PROBATION ACT APPLIED Peter Robb of Connacht, in action during training. Pic: David Maher/Sportsfile
A CONNACHT rugby player avoided a conviction for a public order offence despite not taking part in an underage training session in Westport, cancelled because of bad weather.
Peter Robb of 37 Laurleen, Stillorgan, Co Dublin, had given an undertaking to train an underage rugby team in Westport in order to avoid a conviction for intoxication while on a night out in Westport on April 9 last.
Mr Robb (23) who is a professional rugby player with Connacht was arrested on Bridge Street at 12.20am after he was deemed a danger to himself and sent a fixed-charge penalty notice, which went unpaid.
When the case appeared before Judge Mary Devins in Westport District Court in October, Mr Robb explained that the fixed-charge penalty notice was sent to his address in Dublin, and that he missed it because he currently lives in Galway.
On hearing he was a professional rugby player, Judge Devins said she would give Mr Robb a chance to avoid a conviction if he undertook to train an underage rugby team in the Westport area.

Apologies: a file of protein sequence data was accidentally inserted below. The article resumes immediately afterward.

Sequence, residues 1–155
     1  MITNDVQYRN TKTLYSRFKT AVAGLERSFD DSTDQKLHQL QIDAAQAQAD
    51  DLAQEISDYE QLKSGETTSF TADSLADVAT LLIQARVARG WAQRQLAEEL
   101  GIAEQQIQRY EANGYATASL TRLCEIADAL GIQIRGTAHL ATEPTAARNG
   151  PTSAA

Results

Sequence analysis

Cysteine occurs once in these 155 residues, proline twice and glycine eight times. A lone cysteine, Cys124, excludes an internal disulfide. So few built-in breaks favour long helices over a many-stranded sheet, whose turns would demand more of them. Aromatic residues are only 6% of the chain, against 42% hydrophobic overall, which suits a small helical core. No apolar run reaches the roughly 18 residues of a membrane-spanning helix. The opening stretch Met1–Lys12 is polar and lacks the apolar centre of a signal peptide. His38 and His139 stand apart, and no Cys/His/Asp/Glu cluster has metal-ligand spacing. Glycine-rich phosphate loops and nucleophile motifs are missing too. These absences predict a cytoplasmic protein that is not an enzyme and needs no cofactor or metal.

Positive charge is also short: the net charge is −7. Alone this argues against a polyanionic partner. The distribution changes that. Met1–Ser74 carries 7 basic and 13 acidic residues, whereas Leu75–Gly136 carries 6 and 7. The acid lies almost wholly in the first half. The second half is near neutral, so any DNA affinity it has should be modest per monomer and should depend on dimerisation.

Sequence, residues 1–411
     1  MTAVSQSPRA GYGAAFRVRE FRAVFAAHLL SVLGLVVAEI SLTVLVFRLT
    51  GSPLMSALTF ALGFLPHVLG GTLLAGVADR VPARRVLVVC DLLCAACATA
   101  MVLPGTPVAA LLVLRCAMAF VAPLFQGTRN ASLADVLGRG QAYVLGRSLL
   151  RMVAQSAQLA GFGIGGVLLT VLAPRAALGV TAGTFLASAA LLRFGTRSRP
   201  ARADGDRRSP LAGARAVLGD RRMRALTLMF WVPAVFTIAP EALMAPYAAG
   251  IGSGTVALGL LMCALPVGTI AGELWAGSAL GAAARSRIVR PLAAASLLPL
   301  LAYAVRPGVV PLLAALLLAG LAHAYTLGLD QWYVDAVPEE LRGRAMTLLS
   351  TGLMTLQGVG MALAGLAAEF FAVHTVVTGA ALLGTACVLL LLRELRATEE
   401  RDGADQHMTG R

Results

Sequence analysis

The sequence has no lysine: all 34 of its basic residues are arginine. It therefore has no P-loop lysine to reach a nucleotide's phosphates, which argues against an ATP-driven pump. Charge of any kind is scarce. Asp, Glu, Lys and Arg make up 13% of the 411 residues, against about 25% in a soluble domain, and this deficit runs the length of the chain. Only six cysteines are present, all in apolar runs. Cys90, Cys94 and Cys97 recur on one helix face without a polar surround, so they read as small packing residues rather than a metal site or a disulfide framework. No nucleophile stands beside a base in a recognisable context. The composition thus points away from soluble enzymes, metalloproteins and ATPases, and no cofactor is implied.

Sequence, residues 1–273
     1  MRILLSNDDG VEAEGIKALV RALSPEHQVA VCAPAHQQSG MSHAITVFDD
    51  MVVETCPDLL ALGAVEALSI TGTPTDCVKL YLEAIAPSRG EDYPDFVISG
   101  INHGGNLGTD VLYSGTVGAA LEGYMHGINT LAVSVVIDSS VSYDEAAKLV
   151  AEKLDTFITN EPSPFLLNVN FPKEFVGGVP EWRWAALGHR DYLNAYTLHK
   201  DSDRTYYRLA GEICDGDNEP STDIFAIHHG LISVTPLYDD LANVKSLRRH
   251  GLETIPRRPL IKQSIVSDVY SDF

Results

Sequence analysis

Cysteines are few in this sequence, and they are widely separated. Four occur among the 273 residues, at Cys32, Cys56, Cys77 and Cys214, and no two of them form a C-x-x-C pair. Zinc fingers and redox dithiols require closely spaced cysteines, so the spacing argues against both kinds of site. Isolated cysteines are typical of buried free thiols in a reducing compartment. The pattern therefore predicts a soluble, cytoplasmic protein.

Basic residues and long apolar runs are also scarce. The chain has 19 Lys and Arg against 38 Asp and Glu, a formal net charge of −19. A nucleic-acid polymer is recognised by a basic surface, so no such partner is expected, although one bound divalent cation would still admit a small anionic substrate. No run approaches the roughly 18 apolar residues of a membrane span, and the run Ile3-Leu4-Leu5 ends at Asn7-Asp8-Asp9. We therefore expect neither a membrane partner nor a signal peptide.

The case appeared before last week’s sitting of Westport District Court, where Mr James Ward, solicitor for Robb, explained that he had been lined up to help out at an underage blitz in Westport, but the event was cancelled due to rain.
Mr Ward said that his client remained committed to doing the training, and that the blitz was to be rearranged. He added that Robb is also planning to assist clubs on a voluntary basis as an ambassador for Connacht Rugby.
Inspector Dermot Butler agreed that the weather on the day of the blitz was ‘very inclement’, to which Mr Ward quipped that Insp Butler, who is also the assistant secretary of the Mayo GAA County Board, was of the view that rugby players are ‘soft’ compared to GAA players.
Despite Robb having not yet carried out his training undertaking, Judge Devins agreed to apply the Probation Act.